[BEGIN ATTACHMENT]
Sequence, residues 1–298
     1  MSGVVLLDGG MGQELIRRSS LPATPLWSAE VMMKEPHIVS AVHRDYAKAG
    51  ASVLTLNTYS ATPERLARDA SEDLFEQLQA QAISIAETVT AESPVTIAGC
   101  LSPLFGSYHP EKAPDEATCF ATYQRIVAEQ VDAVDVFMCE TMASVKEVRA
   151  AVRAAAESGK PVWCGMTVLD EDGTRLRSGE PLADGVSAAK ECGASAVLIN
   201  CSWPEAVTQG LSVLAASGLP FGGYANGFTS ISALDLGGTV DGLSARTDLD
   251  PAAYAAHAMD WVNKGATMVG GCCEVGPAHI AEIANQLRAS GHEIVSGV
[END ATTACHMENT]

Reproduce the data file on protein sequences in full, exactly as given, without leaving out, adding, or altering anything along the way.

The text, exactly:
Sequence, residues 1–298
     1  MSGVVLLDGG MGQELIRRSS LPATPLWSAE VMMKEPHIVS AVHRDYAKAG
    51  ASVLTLNTYS ATPERLARDA SEDLFEQLQA QAISIAETVT AESPVTIAGC
   101  LSPLFGSYHP EKAPDEATCF ATYQRIVAEQ VDAVDVFMCE TMASVKEVRA
   151  AVRAAAESGK PVWCGMTVLD EDGTRLRSGE PLADGVSAAK ECGASAVLIN
   201  CSWPEAVTQG LSVLAASGLP FGGYANGFTS ISALDLGGTV DGLSARTDLD
   251  PAAYAAHAMD WVNKGATMVG GCCEVGPAHI AEIANQLRAS GHEIVSGV